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Modifying Hen Diets Reduces Egg Facility Emissions

Iowa is the nation's number-one state in egg production. Iowa has 55 million laying hens and the industry continues to grow. Egg producers need practical steps to reduce air emissions from production facilities, especially for ammonia.

Iowa State University scientists have conducted lab-scale and field commercial-scale studies to examine both treatment of bird manure and nutritional changes in the bird diet. Their studies show that dietary modification holds promise.

A yearlong field monitoring study revealed that a nutritionally balanced, a diet that has 1 percent less crude protein would lead to about a 10 percent reduction in ammonia emissions while maintaining bird production performance. Another project has shown that increasing dietary fiber in the feed of laying hens can reduce ammonia emissions by up to 40 percent without adverse effects on egg production. Three diets with increased fiber all were effective.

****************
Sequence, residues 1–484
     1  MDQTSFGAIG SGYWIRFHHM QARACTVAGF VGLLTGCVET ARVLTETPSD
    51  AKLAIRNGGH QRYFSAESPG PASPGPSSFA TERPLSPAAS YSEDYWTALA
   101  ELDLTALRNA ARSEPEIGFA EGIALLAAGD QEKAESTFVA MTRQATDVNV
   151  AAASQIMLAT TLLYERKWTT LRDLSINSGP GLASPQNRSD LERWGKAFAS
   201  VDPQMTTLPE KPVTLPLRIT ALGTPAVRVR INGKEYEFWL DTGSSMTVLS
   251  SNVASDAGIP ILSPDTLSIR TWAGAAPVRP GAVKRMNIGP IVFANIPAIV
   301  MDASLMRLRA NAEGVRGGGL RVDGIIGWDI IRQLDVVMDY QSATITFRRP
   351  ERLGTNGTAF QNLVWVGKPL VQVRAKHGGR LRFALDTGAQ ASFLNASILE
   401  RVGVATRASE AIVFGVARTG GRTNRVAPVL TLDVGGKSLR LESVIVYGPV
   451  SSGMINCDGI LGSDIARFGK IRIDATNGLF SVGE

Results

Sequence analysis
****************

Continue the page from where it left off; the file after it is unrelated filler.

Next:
One of the diets involves the addition of dried distiller’s grains, a by-product of corn ethanol production.

Read the story at ISU Research Impacts.

Want to read about more impacts like this? Check out Fresh from the Field, a weekly bulletin showcasing transformative impacts made by grantees funded by NIFA.

Farm Bill Priority Areas
Agriculture systems and technology;
Animal health and production and animal products;
Bioenergy, natural resources, and environment;
Agriculture economics and rural communities
U.S. States and Territories
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